Table of Contents
Table of Contents
What Is Severance Pay?
Severance pay is pay granted to an employee upon termination, and is designed to supplement their income until they can find another position. Often it is given to employees who are terminated due to no fault of their own, such as a layoff, or to soften the blow of an involuntary termination. Employers are not required to pay employees severance pay.
The Benefits of Offering Employees Severance Pay
An employee termination is hard for all parties. Severance is one way to ease the blow. Here are some of the benefits of paying employees severance.
- Provide additional income to the employee. This is a supportive gesture from the company when terminating an employee. It will provide a source of income while they are looking for their next job.
- Goodwill. When an employee is terminated, the employer doesn’t know if they will bring the employee back in the future. By paying the employee severance, the employer creates goodwill with the employee and helps the employee want to return to work for the company if the opportunity arises.
- Company culture. Another benefit of severance pay is the positive company culture it creates, where employees feel they are taken care of by the company. While seeing other employees being terminated can be hard, seeing the company take care of them financially can help put employees at peace with the situation.
- Legal Protection. A severance package is beneficial in protecting an employer from lawsuits. This is done through the employee signing a severance agreement. This helps protect the employer if the severance agreement states the employee won’t pursue legal action if they agree to a severance package.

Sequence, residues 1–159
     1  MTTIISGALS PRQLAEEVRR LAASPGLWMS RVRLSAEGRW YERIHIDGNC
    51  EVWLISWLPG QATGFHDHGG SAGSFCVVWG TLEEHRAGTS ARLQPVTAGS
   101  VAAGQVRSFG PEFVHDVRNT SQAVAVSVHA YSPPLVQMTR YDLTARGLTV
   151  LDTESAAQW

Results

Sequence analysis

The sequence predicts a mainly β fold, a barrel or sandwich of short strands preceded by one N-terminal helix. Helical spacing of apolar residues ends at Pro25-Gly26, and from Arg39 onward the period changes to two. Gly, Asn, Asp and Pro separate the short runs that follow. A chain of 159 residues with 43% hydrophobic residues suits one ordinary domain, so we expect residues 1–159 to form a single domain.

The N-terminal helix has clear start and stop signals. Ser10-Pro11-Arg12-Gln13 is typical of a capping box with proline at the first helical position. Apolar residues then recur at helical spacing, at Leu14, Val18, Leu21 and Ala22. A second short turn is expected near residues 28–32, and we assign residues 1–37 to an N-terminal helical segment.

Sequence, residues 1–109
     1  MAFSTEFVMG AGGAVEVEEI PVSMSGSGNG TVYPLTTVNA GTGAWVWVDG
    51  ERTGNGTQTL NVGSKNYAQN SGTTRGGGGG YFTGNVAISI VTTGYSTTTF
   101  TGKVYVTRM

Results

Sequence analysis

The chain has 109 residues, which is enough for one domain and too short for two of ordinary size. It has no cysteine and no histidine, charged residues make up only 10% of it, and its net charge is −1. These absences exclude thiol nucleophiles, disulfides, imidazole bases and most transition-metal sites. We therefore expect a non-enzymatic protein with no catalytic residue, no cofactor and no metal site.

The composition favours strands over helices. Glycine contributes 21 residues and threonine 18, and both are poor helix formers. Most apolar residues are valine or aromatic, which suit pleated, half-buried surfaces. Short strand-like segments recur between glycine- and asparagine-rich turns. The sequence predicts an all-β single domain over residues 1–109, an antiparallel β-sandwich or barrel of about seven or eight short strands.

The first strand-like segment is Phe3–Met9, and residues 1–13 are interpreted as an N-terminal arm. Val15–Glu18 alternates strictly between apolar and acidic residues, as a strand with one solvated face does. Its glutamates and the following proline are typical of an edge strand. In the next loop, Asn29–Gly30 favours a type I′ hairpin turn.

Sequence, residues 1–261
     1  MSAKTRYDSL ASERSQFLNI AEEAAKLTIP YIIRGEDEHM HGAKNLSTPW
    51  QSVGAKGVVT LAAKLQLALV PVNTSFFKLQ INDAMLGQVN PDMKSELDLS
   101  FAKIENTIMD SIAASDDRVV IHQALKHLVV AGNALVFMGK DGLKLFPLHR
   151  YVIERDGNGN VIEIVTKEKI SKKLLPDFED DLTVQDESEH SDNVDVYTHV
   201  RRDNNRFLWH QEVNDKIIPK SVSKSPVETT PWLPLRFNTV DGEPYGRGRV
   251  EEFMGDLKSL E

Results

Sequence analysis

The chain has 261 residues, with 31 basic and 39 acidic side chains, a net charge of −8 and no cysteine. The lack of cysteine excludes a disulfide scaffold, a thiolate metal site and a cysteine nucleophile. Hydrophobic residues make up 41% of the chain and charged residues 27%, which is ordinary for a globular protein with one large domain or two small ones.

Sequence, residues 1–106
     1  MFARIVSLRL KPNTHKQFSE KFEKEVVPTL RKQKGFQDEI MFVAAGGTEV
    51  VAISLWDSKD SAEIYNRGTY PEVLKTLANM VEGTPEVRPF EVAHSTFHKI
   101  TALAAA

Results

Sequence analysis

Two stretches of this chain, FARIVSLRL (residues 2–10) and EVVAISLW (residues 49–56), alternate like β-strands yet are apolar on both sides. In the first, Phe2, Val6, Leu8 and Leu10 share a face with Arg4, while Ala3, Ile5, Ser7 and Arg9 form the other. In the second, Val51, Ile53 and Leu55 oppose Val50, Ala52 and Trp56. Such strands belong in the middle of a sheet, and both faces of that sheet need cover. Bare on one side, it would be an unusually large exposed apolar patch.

- Last benefit deductions. This is another benefit to the company. Most insurance benefits run until the end of the month. If your employee is terminated midway through the month, the company will pay 100% of the employee’s premium. Severance pay essentially pays the employee for that month, which captures the last payroll deductions for their benefits.
Is Severance Pay Required?
No, severance pay is never required for an employer. However, there are some situations where it is common for employees to be given severance. Here are some of those situations.
Reduction in Force/Laid Off
Layoffs are never fun for an employer or employee. When this occurs, the employee is usually blindsided by it, and the employer is forced to terminate an employee they don’t want to let go. Often employers will give laid off employees some kind of severance as an act of goodwill.
Employee’s Last Day Change
Another common occurrence for a severance package is when an employee turns in their voluntary resignation with a 2 week notice and the employer moves up the employee’s last day. Severance pay in this situation means the employee is paid through the date they said would be their last day.
Employers sometimes do this because they don’t want an employee who is leaving to work longer but still want to act in goodwill and pay them through the original date they planned to quit. This also helps employers avoid paying the terminated employee unemployment benefits, since the termination becomes involuntary rather than voluntary.
Potential Wrongful Termination Lawsuit
A final reason an employer might pay an employee severance is due to fear of a lawsuit for wrongful termination. As part of the severance package, an employer can include in the severance contract that the employee agrees not to pursue legal action if they accept the severance agreement. This is beneficial if an employer wants to terminate a disgruntled employee without any backlash.